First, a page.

Comment (from this Blueprint): In her 2007 paper, Haslanger sets out the situation of women in philosophy with a particular focus on instutional academic settings. This paper discusses how women are excluded from philosophy (both contemporary and historical) as well as thinking about disciplnary boundaries: why is it that feminist philosophy is not often thought of as 'real' philosophy?

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Holroyd, Jules. Responsibility for Implicit Bias
2012, Journal of Social Philosophy 43(3): 274-306.
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Added by: Emily Paul
Introduction: Philosophers who have written about implicit bias have claimed or implied that individuals are not responsible, and therefore not blameworthy, for their implicit biases, and that this is a function of the nature of implicit bias as implicit: below the radar of conscious reflection, out of the control of the deliberating agent, and not rationally revisable in the way many of our reflective beliefs are. I argue that close attention to the findings of empirical psychology, and to the conditions for blameworthiness, does not support these claims. I suggest that the arguments for the claim that individuals are not liable for blame are invalid, and that there is some reason to suppose that individuals are, at least sometimes, liable to blame for the extent to which they are influenced in behaviour and judgment by implicit biases. I also argue against the claim that it is counter-productive to see bias as something for which individuals are blameworthy; rather, understanding implicit bias as something for which we are liable to blame could be constructive.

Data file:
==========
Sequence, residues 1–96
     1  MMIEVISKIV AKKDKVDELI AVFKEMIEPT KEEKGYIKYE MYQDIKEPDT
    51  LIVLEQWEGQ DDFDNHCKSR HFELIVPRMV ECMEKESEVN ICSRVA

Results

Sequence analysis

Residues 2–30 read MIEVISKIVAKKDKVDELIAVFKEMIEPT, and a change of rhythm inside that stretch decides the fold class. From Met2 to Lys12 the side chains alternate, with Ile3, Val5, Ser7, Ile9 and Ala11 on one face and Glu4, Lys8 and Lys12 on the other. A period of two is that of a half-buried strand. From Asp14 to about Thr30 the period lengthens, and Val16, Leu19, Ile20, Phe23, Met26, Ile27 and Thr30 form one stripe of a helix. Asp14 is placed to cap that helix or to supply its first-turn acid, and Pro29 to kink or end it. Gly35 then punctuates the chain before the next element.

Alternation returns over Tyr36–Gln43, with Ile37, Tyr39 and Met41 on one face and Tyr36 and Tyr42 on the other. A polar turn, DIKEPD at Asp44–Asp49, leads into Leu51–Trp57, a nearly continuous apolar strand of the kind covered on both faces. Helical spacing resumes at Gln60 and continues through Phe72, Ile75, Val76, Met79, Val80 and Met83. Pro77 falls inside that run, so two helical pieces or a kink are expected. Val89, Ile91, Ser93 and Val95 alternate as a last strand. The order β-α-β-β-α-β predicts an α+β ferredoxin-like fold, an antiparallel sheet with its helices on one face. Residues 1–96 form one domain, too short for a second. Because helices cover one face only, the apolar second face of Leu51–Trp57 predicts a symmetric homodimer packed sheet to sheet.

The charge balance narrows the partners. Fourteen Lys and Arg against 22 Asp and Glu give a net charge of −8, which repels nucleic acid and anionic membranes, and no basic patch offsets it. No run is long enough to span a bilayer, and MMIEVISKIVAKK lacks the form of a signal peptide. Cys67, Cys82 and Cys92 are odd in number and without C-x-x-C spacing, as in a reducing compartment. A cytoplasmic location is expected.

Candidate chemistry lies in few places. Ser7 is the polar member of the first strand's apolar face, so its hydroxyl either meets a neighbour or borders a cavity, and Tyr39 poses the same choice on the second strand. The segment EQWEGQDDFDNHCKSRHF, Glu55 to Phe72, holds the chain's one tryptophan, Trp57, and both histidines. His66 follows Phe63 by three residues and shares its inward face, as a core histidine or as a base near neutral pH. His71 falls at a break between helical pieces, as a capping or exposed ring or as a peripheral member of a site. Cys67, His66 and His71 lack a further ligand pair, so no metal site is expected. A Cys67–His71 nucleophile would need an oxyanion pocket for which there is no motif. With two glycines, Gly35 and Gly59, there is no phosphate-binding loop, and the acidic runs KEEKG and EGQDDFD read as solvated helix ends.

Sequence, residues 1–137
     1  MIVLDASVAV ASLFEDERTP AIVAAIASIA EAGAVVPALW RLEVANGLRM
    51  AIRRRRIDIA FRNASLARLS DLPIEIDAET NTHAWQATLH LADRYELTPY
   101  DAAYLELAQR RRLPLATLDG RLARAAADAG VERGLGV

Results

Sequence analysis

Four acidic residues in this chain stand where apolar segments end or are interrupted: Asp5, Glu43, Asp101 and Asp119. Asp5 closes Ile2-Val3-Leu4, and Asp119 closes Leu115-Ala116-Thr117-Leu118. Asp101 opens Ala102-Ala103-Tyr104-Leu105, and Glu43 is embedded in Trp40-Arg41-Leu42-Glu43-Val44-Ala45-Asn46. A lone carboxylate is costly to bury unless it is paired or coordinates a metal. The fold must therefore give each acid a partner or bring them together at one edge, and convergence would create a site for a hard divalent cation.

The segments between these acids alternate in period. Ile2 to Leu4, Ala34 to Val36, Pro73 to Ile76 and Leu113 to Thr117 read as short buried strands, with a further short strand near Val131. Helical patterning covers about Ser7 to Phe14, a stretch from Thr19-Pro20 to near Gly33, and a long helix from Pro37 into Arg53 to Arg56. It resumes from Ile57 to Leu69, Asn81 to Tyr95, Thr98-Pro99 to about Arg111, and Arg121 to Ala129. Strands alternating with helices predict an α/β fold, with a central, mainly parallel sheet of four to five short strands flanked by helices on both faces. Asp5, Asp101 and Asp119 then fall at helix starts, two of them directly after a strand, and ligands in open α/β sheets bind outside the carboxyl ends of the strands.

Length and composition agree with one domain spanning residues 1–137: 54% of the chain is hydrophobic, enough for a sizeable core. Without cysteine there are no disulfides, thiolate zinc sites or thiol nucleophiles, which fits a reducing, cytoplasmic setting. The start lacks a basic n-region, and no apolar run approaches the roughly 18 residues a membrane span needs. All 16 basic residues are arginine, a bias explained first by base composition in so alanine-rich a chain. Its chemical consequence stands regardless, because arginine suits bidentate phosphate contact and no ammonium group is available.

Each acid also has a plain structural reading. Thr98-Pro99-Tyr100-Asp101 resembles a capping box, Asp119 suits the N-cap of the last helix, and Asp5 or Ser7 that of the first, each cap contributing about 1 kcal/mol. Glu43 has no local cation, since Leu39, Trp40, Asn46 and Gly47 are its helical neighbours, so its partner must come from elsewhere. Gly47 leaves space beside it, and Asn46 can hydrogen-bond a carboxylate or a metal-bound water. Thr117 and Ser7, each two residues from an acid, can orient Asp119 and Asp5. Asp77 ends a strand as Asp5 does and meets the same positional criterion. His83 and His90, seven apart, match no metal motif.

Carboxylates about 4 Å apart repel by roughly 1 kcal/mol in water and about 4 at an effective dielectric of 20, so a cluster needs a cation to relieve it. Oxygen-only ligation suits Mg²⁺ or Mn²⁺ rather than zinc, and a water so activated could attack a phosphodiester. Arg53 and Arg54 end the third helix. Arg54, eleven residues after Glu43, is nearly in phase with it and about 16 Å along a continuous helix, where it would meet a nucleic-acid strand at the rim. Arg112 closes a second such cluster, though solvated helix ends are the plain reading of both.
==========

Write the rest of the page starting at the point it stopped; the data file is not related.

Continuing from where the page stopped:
Comment: A great paper for a feminist philosophy, critical race theory, moral philosophy, applied ethics course or similar. Holroyd lays out 4 different arguments that we might NOT be blameworthy for harbouring implicit biases in premise-conclusion form, before arguing that they are invalid. Could e.g. break students into groups and ask each group to discuss a different argument and Holroyd's treatment of it.

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Holroyd, Jules, Robin Scaife, Tom Stafford. What is Implicit Bias?
2017, Philosophy Compass 12(10).
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Added by: Emily Paul
Abstract: Research programs in empirical psychology over the past few decades have led scholars to posit implicit biases. This is due to the development of innovative behavioural measures that have revealed aspects of our cognitions which may not be identified on self?report measures requiring individuals to reflect on and report their attitudes and beliefs. But what does it mean to characterise such biases as implicit? Can we satisfactorily articulate the grounds for identifying them as bias? And crucially, what sorts of cognitions are in fact being measured; what mental states or processes underpin such behavioural responses? In this paper, we outline some of the philosophical and empirical issues engaged when attempting to address these three questions. Our aim is to provide a constructive taxonomy of the issues, and how they interrelate. As we will see, any view about what implicit bias is may depend on a range of prior theoretical choices.

Comment: Perfect for the start of a unit/course on implicit bias, as this paper provides a clear overview of the phenomenon of implicit bias, the evidence for it, and ways to interpret it.